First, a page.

10 things for travelers to know about SwedenSwedenSystembolaget
Ah, frosty maiden of the north, you tempt travelers from around the world with sweet harmonies and even sweeter deals on furniture, but what do we need to know before traveling to Sweden?
1. Only one store sells hard alcohol
If you enjoy a drink, you might want stock up on duty free en route to Sweden. Gas stations and local stores are forbidden to sell wine and hard alcohol.
In an effort to control alcohol consumption in the country, the government set up Systembolaget stores in 1955.
The store has a monopoly on retail sales of alcohol: it’s the only place you can buy wine and spirits and beer with an alcohol content above 3.5 percent.
You have to be 20 years or older to buy in stores, though in Swedish bars and restaurants the drinking age is 18.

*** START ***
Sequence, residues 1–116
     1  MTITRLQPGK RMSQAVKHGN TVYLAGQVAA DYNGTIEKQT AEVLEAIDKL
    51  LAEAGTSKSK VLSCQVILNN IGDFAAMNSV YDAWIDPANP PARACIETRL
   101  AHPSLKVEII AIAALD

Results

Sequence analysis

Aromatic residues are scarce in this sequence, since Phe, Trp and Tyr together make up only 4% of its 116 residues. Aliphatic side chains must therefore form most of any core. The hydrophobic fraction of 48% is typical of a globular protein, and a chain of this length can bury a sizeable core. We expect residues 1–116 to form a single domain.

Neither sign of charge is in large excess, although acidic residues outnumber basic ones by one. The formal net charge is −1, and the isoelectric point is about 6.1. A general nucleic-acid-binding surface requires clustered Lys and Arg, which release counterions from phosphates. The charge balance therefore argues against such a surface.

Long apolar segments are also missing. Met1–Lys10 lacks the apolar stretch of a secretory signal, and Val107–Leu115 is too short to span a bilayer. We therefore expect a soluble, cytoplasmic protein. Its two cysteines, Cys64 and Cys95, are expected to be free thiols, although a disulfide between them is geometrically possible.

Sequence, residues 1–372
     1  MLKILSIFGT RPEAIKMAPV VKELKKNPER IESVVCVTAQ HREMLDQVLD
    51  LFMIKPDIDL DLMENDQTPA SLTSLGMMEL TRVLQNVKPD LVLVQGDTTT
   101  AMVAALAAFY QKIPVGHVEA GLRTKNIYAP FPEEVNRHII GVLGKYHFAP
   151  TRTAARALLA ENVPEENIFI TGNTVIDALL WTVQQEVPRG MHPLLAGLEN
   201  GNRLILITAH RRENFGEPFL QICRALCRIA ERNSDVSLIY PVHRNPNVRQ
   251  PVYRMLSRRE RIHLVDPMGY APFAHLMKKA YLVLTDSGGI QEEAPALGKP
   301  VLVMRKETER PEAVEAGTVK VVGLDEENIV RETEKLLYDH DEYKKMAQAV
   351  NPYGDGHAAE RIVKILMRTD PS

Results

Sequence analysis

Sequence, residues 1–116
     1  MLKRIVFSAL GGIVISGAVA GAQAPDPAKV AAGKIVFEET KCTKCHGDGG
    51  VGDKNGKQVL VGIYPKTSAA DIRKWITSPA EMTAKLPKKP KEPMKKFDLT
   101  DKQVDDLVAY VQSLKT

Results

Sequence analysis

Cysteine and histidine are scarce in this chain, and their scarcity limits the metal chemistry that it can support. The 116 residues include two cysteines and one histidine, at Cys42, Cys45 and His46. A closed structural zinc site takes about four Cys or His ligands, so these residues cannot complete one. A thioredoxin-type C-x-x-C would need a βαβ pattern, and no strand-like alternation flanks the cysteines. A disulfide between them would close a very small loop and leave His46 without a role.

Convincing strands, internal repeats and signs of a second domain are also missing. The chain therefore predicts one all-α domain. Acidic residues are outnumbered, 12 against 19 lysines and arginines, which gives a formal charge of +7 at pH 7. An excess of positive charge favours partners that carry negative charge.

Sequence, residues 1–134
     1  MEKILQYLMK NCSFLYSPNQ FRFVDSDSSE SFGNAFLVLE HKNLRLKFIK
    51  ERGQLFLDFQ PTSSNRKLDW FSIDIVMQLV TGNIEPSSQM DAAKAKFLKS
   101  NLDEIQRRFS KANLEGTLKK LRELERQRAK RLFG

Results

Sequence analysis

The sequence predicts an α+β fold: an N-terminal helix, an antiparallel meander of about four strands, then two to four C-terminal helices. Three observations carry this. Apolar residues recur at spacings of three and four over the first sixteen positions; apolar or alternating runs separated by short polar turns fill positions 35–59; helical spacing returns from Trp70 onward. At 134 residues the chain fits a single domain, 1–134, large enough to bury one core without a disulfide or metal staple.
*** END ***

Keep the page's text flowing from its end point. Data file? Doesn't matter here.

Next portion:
Most towns have one Systembolaget. Cities have a few, but finding them isn’t always easy.
General opening hours are Monday to Friday from 10 a.m. to 6 p.m. and Saturday from 10 a.m. to 1 p.m.
Perhaps this is a good time for a detox.
2. Pickled herring is a way of life
Some of us love chocolate. Swedes love pickled herring.
No festive occasion is complete without it.
Herring comes in many flavors and is usually eaten with crisp bread or potatoes, sour cream and chives.
Smoked fish is also popular — mackrel, eel and salmon. Fish smokeries in the villages along the coastline offer locally caught and smoked delicacies.
Another eating habit peculiar to the Swedes is the tradition of eating fermented fish (surströmming). It comes in a tin and if you’re able to handle the smell once you open it, you can probably stomach it.
Full story at CNN.
All about Sweden.
Photo credit: FotoliaPosted by Kate Rinsema